Saturday , June 23 2018

An Artificial Neural Network (ANN) in Electronic Product Design

Tom Page
Loughborough Design School, Loughborough University
Epinal Way, Loughborough, UNITED KINGDOM, LE11 3TU

Abstract:

This paper reports on the development of a wearable gesture recognition device for communicating with children that have acute communication difficulties. The device was designed with the aid of an artificial neural network (ANN) to develop and refine the physical gestures made by the user. The findings of the evaluation of the data handling are discussed with a view to improving on both its functions in gesture recognition and further development of its database.

Keywords:

Artificial Neural Network, Product Design, Gesture Recognition.

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CITE THIS PAPER AS:
Tom PAGE, An Artificial Neural Network (ANN) in Electronic Product Design, Studies in Informatics and Control, ISSN 1220-1766, vol. 21 (3), pp. 259-266, 2012.

1. Introduction

An ‘artificial neural network’ is, as it suggests, is a manmade system designed to mimic the cognitive ability of an animal brain. Gurney (1997) provided a neural model of the way in which artificial neural networks (ANNs) operate, it is estimated that the human brain comprises around 100 billion neurons. These neurons combine to make highly complex networks, as each neuron may have up to 10,000 connections. They communicate with each other via electrical impulses thus making up the brain (Drachman, 2005). Interneuron connections are mediated by synapses which are located on the end of dendrite cells that feed into the cell body, the soma. Here the synaptic inputs are integrated or summed together in some way and if the resultant is greater than a threshold level then the neuron will ‘fire’ a voltage impulse (Gurney, 1997). This output then feeds into other neuronal inputs.

Unlike conventional alphanumeric, equation-based computing, artificial neural networks provide for adaptability and ‘learning’ within a computer program. However, where biological and artificial neurons differ is in their ability to make each input more or less important than others through use of a weighting technique. Depending on the synaptic connection, each synapse’s electrochemical response can be polarised so that it is either excitatory (designed to promote synaptic firing) or inhibitory (designed to discourage synaptic firing). Additionally these ‘weights’ can change over time and this change in weight is interpreted as learning (Russell and Norvig, 2010).

In artificial neural networks, the equivalent to the neuron is called as a node or unit. A simple node works on the same level of understanding as biological neurons just given. As artificial neurons are currently based on digital inputs, the weighting technique differs slightly. Inputs, as in conventional computing, are still essentially made up of 1’s and 0’s. According to Gurney (1997), to achieve ‘weighting’, input data is passed through individual equations:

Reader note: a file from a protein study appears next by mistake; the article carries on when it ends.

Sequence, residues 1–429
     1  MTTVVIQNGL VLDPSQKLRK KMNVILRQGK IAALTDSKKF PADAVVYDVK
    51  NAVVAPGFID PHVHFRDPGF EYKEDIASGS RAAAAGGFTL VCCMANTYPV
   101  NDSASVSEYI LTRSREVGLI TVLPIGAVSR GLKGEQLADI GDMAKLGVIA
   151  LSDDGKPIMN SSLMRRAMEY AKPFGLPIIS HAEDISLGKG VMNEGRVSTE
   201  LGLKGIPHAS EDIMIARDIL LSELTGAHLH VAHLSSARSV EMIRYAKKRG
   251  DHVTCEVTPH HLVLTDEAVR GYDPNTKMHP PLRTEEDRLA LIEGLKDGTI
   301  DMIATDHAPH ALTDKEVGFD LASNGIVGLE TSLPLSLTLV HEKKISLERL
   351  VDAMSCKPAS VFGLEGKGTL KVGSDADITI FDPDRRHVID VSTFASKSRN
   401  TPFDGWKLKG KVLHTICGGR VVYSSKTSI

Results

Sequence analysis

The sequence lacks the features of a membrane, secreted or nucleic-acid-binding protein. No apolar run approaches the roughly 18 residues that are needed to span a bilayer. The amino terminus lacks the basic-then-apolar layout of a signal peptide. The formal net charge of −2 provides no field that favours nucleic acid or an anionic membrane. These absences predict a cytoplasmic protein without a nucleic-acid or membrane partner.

Input + Weight = Weighted Input
e.g. 1 (input) + 5 (weight) = 6 (weighted input)

These weighted inputs are then summed together and passed through a threshold limit. If the resultant is higher than the threshold then the node will produce a 1 if not then it will produce a 0. This type of artificial neuron is the simplest and historically earliest. It was put forward by McCulloch and Pitts (1943) and is known as a threshold logic unit.

In the brain, learning is achieved by neurons becoming more or less sensitive to certain synaptic responses. This can be emulated in artificial neurons by altering an input’s weight. The modification of weights is usually done automatically through use of comparison of data to classification code (Gurney, 1997). For example, if one considers pattern recognition of text, say a handwritten paper was scanned and inputted into the neural network. The ANN is told to analyse the individual characters looking for specific characteristics e.g. roundness, how many straight lines there are, are there any holes etc. This information becomes the input data for the neural network. The network is then given the output data (the correct translation of the inputted data). Through use of back propagation the neural network will attempt to work out how to get from the output to the input and adjust the weights accordingly (Lampinen, Laaksonen, and Oja, 1998).

This process is called ‘training’, effectively allowing the neural network to ‘learn’. All artificial neural networks need to go through this process hundreds of times before they can start to make logical and accurate assumptions (Gurney, 1997). If you have ever used voice recognition software you will be aware that before you can start using it effectively that you must read from passages of text. Here you are literally teaching and familiarising the software to the way that you speak and pronounce words (Van Daalen, and Bots, 2010).

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https://doi.org/10.24846/v21i3y201204